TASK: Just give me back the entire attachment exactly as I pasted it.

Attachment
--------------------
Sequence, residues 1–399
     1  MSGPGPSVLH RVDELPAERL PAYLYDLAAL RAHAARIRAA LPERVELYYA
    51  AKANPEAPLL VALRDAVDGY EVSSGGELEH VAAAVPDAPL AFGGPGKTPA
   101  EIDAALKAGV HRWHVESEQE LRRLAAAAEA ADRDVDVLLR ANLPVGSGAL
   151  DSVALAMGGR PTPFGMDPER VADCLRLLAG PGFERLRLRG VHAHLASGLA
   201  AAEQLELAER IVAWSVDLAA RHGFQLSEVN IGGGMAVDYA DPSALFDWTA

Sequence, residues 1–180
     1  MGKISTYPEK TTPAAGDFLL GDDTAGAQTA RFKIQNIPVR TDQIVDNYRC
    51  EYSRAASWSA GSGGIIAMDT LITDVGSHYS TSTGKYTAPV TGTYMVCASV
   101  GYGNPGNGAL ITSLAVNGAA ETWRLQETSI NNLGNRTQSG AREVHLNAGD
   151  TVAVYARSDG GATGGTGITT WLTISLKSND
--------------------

Sequence, residues 1–399
     1  MSGPGPSVLH RVDELPAERL PAYLYDLAAL RAHAARIRAA LPERVELYYA
    51  AKANPEAPLL VALRDAVDGY EVSSGGELEH VAAAVPDAPL AFGGPGKTPA
   101  EIDAALKAGV HRWHVESEQE LRRLAAAAEA ADRDVDVLLR ANLPVGSGAL
   151  DSVALAMGGR PTPFGMDPER VADCLRLLAG PGFERLRLRG VHAHLASGLA
   201  AAEQLELAER IVAWSVDLAA RHGFQLSEVN IGGGMAVDYA DPSALFDWTA

Sequence, residues 1–180
     1  MGKISTYPEK TTPAAGDFLL GDDTAGAQTA RFKIQNIPVR TDQIVDNYRC
    51  EYSRAASWSA GSGGIIAMDT LITDVGSHYS TSTGKYTAPV TGTYMVCASV
   101  GYGNPGNGAL ITSLAVNGAA ETWRLQETSI NNLGNRTQSG AREVHLNAGD
   151  TVAVYARSDG GATGGTGITT WLTISLKSND